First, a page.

One physical file has only one
struct inode at any one time.
On most filesystems the inode number will stay the same even when the
struct inode is deallocated and read back later, so you can identify by that (plus device number), but there are exceptions. But it is always ensured at least that only one file on a device will have a particular inode number at any given time (this is used to check two open filehandles point to the same file in userland where you don't have access to
struct inode—in kernel comparing the pointers will be easier).
One file may have more
struct file associated with it, one for each file handle in some process and it may have more than one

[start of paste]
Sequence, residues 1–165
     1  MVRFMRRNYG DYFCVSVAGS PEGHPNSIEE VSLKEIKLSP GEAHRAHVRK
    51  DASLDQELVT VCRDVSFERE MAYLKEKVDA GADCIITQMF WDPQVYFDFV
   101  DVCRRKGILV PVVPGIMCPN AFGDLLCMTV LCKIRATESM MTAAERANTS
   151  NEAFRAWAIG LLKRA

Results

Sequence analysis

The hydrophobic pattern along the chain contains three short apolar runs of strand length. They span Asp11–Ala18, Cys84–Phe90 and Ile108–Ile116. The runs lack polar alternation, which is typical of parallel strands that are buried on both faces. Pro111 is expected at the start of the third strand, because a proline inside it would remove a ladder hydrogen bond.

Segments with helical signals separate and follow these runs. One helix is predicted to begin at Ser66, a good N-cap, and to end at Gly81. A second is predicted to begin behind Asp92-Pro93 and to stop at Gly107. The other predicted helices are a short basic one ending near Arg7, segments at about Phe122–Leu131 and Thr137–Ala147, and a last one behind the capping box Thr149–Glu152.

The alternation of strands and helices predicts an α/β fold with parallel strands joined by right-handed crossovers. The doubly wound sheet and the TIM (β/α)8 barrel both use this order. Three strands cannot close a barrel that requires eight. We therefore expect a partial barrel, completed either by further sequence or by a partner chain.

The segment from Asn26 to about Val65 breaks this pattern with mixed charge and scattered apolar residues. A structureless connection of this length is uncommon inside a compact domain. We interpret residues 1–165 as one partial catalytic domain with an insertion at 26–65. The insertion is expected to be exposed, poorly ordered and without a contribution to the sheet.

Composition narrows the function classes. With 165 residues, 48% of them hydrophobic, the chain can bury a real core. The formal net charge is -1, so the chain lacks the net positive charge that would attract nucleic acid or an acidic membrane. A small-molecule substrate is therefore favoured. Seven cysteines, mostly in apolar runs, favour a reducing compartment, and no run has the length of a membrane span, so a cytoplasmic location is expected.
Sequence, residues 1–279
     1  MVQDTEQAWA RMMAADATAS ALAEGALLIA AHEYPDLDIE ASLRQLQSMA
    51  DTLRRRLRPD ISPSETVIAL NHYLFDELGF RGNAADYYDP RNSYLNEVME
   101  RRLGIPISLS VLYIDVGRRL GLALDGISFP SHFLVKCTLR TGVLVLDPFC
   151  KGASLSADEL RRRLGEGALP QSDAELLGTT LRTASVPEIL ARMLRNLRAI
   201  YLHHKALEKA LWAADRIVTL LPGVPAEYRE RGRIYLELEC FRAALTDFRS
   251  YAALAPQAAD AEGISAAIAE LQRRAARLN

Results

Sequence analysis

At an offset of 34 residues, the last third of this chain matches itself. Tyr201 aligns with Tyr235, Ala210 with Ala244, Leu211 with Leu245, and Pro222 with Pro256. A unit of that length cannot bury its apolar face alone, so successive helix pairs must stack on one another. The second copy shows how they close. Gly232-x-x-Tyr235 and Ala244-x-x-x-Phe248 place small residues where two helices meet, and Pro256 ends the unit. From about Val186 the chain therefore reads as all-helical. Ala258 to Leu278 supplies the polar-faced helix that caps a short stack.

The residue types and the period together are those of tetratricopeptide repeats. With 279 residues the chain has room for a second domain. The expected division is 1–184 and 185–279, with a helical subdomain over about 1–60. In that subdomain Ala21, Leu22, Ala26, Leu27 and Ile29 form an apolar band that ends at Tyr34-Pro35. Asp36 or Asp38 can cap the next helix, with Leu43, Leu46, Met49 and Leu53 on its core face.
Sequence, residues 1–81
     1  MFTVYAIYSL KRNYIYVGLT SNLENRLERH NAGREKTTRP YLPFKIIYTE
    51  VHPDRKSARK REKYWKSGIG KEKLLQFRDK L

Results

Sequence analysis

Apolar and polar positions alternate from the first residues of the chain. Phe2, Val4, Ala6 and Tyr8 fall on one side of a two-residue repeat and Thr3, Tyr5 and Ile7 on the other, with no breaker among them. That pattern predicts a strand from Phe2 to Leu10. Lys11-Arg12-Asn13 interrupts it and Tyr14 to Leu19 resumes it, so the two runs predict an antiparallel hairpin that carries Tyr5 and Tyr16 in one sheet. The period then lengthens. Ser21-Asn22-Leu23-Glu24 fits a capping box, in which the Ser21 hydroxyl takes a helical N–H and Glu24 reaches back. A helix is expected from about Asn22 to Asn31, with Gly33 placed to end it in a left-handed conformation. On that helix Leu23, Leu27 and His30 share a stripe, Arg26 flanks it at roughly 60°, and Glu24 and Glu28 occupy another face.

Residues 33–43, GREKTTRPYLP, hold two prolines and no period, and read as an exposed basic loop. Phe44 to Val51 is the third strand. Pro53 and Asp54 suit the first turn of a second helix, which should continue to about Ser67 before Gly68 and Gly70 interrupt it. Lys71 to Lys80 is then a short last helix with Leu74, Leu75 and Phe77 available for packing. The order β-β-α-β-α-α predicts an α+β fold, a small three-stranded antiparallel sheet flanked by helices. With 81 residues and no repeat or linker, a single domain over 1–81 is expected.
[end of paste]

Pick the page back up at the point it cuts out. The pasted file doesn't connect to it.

struct dentry associated with it, one per hardlink.
It comes from this that there is only one
struct dentry for any path in the filesystem. The path may however look differently from different process point of view (think chroots and namespaces). It can be reconstructed by walking up the chain of dentries and inodes (each dentry has parent inode and each inode knows dentries currently associated with it), but you have to be careful to avoid the dentries not visible to current process.